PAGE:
The promise of a greener data centre leads today’s real estate news as Facebook signs a deal that promises to power its Singapore bit barn through solar panels on top of the city’s omnipresent apartment blocks.
Also seeking some sustainability dividends is BlackRock, which has signed up to acquire a Taiwan solar developer and operator. In some news that will be welcomed by the few Singapore occupiers now looking to sign an office lease, rents for desk space in Southeast Asia’s wealthiest city fell by 5.1 percent during the third quarter.
Facebook has inked a deal with Sunseap Group to tap solar energy that will power its data centre and operations in Singapore. Generated from solar panels to be placed atop 1,200 apartment blocks and 49 government buildings across the island, the power is estimated to reach 100 MegaWatt-peak (MWp) in capacity when fully completed in 2022.
The agreement with local solar energy company Sunseap is touted to be the largest signed under a virtual power purchase agreement, according to a statement released Monday by Sunseap. Such agreements refer to contracts that outline a pre-agreed price at which the buyer will purchase a project’s renewable energy. This energy can be generated from a renewable energy project located away from a company’s premises, but co-located on the same grid. Read more>>
BlackRock Real Assets has agreed to acquire a majority stake in New Green Power (NGP), a leading Taiwanese solar developer and operator. NGP is aiming for a 1 gigawatt solar portfolio in Taiwan over the next three to five years as it pursues regional expansion.
The acquisition will be made through a private fund managed by BlackRock Real Assets that invests in climate infrastructure assets globally. It builds on its partnership with NGP since 2018, which has resulted in over 40 solar projects in Taiwan. Read more>>
Leasing activity for Grade A offices in Singapore came to a halt during the circuit breaker period and remained sluggish during the third quarter of this year, according to a report by Cushman & Wakefield (C&W) on Tuesday (Oct 6).
Amid the worst recession on record due to the Covid-19 pandemic, Grade A Central Business District rents continued to decline, falling 5.1 per cent quarter on quarter to $9.84 per sq ft per month in the third quarter of this year, C&W said. Read more>>
Property investors are staying on the sidelines in Asia-Pacific, with a strong recovery unlikely to happen anytime soon, analysts said.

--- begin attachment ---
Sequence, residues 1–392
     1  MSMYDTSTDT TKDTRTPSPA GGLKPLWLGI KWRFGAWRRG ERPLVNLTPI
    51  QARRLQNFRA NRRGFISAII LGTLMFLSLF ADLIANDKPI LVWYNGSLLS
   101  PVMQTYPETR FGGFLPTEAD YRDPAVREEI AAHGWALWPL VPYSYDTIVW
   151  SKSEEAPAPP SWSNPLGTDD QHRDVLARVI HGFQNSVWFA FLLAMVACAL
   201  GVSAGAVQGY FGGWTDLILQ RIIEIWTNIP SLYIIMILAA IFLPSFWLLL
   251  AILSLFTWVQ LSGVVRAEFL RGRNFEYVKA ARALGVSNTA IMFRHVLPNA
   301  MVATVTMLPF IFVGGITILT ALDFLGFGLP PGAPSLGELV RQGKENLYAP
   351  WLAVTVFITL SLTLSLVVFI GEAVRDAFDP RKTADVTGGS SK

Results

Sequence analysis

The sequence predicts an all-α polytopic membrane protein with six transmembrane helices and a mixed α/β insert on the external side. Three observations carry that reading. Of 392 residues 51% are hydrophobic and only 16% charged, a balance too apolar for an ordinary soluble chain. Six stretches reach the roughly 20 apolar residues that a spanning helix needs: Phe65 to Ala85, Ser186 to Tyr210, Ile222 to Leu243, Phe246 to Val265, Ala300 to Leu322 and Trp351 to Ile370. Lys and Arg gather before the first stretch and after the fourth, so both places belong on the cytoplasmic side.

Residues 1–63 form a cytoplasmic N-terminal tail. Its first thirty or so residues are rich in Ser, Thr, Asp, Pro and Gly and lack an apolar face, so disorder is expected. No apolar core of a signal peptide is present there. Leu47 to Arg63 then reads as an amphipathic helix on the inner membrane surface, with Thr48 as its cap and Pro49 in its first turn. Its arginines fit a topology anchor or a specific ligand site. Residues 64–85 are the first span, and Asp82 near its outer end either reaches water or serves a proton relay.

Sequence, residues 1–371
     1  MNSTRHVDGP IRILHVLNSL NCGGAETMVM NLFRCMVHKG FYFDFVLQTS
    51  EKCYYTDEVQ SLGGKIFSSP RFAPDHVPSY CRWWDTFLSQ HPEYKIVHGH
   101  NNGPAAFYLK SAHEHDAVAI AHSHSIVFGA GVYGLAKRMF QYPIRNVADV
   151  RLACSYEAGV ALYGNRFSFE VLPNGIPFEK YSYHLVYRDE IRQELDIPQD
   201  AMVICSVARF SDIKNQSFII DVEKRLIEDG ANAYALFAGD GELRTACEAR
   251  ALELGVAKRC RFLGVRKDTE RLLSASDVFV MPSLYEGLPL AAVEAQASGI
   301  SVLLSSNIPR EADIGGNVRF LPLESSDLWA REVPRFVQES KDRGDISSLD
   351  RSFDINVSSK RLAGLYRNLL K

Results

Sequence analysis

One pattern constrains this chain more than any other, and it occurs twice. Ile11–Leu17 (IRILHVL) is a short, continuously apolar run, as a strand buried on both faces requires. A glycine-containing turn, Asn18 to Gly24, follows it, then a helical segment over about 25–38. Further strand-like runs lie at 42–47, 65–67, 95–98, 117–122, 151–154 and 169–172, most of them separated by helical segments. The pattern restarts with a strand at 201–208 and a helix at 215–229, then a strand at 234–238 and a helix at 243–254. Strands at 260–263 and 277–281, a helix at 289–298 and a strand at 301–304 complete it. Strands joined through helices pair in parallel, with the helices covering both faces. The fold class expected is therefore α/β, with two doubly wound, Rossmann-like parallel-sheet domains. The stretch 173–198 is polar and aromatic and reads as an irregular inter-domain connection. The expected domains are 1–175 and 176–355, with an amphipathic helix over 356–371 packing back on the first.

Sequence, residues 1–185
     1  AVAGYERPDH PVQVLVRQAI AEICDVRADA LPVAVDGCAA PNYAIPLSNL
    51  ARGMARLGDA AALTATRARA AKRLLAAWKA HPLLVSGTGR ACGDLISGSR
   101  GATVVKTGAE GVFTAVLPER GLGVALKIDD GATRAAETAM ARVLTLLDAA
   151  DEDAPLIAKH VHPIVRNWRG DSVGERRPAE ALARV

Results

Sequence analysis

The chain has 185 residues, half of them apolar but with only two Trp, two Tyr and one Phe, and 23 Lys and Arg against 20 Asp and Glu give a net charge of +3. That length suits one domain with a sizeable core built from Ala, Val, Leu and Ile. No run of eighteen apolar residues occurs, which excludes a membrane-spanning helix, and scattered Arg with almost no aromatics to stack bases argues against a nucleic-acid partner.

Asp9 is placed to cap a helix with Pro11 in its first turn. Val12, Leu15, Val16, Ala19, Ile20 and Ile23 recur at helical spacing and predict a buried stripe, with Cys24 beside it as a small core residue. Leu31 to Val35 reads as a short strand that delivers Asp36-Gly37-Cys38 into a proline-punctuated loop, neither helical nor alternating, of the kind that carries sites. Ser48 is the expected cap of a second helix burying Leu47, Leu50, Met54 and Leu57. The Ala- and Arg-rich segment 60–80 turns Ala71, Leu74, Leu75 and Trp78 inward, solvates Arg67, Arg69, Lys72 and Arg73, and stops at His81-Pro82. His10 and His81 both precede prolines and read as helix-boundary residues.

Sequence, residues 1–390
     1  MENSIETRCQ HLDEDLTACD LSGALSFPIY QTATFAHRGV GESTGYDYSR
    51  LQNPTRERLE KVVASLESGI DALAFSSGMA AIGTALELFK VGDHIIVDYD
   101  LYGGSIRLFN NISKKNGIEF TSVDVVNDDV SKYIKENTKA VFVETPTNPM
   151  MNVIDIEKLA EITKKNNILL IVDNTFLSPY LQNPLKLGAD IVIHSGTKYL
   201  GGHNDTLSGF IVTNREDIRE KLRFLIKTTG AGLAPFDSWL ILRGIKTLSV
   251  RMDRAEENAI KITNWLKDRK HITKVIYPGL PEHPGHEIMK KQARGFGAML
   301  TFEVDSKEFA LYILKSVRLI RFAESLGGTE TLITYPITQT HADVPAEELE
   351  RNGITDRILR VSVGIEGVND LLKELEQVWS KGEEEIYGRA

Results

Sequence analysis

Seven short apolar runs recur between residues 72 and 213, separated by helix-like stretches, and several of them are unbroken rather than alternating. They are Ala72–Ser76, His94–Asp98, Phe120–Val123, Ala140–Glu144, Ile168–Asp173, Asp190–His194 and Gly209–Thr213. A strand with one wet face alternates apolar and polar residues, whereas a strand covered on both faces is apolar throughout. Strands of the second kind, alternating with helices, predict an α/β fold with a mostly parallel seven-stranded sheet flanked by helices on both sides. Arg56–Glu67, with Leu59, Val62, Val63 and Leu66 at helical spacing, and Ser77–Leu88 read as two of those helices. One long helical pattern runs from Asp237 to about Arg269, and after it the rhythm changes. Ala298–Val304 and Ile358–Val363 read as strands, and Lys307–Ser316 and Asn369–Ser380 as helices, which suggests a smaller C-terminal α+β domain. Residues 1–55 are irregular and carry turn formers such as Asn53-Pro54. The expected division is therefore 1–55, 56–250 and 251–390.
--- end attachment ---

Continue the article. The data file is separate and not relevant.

The Covid-19 pandemic and the resulting economic shock has slammed the region’s commercial real estate market. The total value of transactions plummeted by nearly 40 per cent in the year to September, as the number of deals fell by almost a third, according to Real Capital Analytics. Read more>>
The US-based investment company raised the amount across its fourth Asia-focused fund and its parallel fund vehicles from 260 investors. The offer is still ongoing, according to the company’s filing.
Limited partners include the California Public Employees’ Retirement System, the Minnesota State Board of Investment, and Taiwan’s Cathay Life Insurance, said the report. Read more>>
The number of properties sold in Mumbai, India’s real estate capital, rose by 112 per cent in September from the previous month, according to figures released by the Maharashtra government.
According to official figures, 5,597 sale or conveyance deeds got registered with the state’s inspector general of registrations (IGR) in September as against 2,642 documents registered in August. Read more>>
India’s major warehousing hubs are set to see a rise in rentals as severe disruptions in supply chains due to the pandemic forces companies to keep inventory close to major consuming centres on hopes of a gradual recovery in demand.
Prime warehouse rents are expected to rise in Mumbai, Bengaluru and the National Capital Region—which make up about two-thirds of all warehouse stock in India, real estate consultancy firm Knight Frank said in a report last Friday. Read more>>
The plans are being drawn for another US$100 million mansion in Hong Kong, as the ultra rich in one of the world’s most expensive residential property markets managed to thrive amid the city’s worst recession in decades.
Descendants of the Keswick family, taipans of Hong Kong during the British colonial era and most closely associated with the Jardine Matheson Group, received approvals in July to demolish a property at 9 Big Wave Road on the Shek O peninsula. The family and Jardine’s 50.4-per cent owned Hongkong Land Holdings plan to redevelop the property into a single-storey mansion measuring 15,306 square feet (1,421 square metres), according to the city’s Buildings Department. Read more>>